As the sinner looks upon the Saviour dying on Calvary, and realizes that the sufferer is divine, he asks why this great sacrifice was made, and the cross points to the holy law of God which has been transgressed. The death of Christ is an unanswerable argument as to the immutability and righteousness of the law. In prophesying of Christ, Isaiah says, “He will magnify the law, and make it honourable” (Isaiah 42:21). The law has no power to pardon the evildoer. Its office is to point out his defects, that he may realize his need of One who is mighty to save, his need of One who will become his substitute, his surety, his righteousness. Jesus meets the need of the sinner; for He has taken upon Him the sins of the transgressor. “He was wounded for our transgressions, he was bruised for our iniquities: the chastisement of our peace was upon him; and with his stripes we are healed” (Isaiah 53:5). The Lord could have cut off the sinner, and utterly destroyed him; but the costlier plan was chosen. In His great love He provides hope for the hopeless, giving His only-begotten Son to bear the sins of the world. And since He has poured out all heaven in that one rich gift, He will withhold from man no needed aid that he may take the cup of salvation, and become an heir of God, joint heir with Christ. 1SM 323.1

Christ came to manifest the love of God to the world, to draw the hearts of all men to Himself. He said, “And I, if I be lifted up from the earth, will draw all men unto me” (John 12:32). The first step toward salvation is to respond to the drawing of the love of Christ. God sends message after message to men, entreating them to repentance, that He may forgive, and write pardon against their names. Shall there be no repentance? Shall His appeals be unheeded? Shall His overtures of mercy be ignored, and His love utterly rejected? Oh, then man will cut himself off from the medium through which he may gain life eternal; for God only pardons the penitent! By the manifestation of His love, by the entreating of His Spirit, He woos men to repentance; for repentance is the gift of God, and whom He pardons He first makes penitent. The sweetest joy comes to man through his sincere repentance toward God for the transgression of His law, and through faith in Christ as the sinner's Redeemer and Advocate. It is that men may understand the joy of forgiveness, the peace of God, that Christ draws them through the manifestation of His love. If they respond to His drawing, yielding their hearts to His grace, He will lead them on step by step, to a full knowledge of Himself, and this is life eternal. 1SM 323.2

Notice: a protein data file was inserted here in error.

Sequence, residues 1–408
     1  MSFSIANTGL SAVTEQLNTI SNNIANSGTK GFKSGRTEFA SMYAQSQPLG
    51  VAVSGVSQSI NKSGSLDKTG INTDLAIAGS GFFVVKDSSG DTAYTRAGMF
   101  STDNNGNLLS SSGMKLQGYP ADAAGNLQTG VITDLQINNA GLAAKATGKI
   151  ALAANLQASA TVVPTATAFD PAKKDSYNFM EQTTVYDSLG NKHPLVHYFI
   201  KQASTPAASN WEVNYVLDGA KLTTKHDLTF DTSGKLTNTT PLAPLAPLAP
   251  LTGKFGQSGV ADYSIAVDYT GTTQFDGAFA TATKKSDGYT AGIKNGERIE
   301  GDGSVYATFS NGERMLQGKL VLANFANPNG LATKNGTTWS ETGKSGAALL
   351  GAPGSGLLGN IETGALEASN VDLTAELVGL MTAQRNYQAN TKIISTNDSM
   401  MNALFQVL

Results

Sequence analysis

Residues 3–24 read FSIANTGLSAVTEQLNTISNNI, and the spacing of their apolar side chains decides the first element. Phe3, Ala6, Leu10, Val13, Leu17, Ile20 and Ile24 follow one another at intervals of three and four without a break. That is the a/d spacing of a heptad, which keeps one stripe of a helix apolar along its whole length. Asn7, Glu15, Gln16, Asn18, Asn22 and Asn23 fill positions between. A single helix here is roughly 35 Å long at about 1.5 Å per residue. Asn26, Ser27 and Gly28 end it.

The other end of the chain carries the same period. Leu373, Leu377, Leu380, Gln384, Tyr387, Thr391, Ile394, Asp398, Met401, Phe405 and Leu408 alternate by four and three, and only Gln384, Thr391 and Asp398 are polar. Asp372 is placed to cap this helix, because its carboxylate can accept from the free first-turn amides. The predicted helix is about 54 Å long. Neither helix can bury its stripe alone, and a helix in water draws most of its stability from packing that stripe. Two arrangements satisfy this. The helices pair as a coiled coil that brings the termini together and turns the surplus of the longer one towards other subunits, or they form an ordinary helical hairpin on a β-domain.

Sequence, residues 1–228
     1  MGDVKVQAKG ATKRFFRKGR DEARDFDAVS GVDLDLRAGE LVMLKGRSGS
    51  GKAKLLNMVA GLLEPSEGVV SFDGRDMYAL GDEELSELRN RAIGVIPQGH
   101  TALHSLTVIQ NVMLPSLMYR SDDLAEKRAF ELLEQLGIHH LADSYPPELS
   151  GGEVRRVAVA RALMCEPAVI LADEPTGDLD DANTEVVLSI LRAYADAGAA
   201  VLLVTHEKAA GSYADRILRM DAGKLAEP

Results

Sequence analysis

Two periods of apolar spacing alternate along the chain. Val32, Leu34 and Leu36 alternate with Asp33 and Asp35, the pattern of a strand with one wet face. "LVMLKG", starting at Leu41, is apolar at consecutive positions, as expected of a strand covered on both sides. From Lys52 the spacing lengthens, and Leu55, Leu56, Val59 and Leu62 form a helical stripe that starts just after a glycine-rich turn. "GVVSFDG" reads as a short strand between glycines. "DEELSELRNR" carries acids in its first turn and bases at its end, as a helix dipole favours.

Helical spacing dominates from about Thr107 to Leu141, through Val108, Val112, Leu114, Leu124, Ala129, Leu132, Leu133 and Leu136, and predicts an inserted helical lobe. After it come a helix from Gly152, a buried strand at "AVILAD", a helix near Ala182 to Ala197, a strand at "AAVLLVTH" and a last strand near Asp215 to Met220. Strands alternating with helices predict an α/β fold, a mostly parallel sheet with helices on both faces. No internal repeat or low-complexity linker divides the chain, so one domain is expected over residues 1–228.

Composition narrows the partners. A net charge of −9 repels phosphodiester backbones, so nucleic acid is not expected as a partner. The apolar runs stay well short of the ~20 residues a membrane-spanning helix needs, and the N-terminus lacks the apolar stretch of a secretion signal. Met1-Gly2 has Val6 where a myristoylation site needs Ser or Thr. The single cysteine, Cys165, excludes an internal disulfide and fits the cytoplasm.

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Ellen G. White
Selected Messages Book 1, 340

Justice demands that sin be not merely pardoned, but the death penalty must be executed. God, in the gift of His only-begotten Son, met both these requirements. By dying in man's stead, Christ exhausted the penalty and provided a pardon. 1SM 340.1

Man through sin has been severed from the life of God. His soul is palsied through the machinations of Satan, the author of sin. Of himself he is incapable of sensing sin, incapable of appreciating and appropriating the divine nature. Were it brought within his reach there is nothing in it that his natural heart would desire it. The bewitching power of Satan is upon him. All the ingenious subterfuges the devil can suggest are presented to his mind to prevent every good impulse. Every faculty and power given him of God has been used as a weapon against the divine Benefactor. So, although He loves him, God cannot safely impart to him the gifts and blessings He desires to bestow. 1SM 340.2